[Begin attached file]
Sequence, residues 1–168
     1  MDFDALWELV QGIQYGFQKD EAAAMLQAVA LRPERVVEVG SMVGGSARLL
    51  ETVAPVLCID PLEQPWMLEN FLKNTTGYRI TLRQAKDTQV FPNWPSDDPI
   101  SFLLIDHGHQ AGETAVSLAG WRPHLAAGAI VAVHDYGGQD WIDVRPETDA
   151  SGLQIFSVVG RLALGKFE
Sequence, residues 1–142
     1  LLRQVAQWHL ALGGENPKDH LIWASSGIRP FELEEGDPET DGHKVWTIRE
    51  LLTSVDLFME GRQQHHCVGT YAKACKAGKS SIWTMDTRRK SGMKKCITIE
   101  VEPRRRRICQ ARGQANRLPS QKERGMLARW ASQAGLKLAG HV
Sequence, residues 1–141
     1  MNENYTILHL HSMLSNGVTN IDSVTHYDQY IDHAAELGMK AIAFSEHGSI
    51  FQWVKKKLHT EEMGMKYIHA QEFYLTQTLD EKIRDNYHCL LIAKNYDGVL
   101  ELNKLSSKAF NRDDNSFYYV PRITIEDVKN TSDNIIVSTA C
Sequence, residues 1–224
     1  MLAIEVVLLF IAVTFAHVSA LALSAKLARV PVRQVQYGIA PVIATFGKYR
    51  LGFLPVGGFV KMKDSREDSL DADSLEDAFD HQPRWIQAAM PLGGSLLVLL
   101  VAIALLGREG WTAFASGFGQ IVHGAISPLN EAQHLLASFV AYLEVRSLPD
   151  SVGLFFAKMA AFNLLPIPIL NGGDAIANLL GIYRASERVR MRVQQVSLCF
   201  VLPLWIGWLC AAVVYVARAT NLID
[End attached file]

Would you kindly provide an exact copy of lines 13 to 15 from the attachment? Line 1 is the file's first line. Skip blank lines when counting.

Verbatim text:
   101  ELNKLSSKAF NRDDNSFYYV PRITIEDVKN TSDNIIVSTA C
Sequence, residues 1–224
     1  MLAIEVVLLF IAVTFAHVSA LALSAKLARV PVRQVQYGIA PVIATFGKYR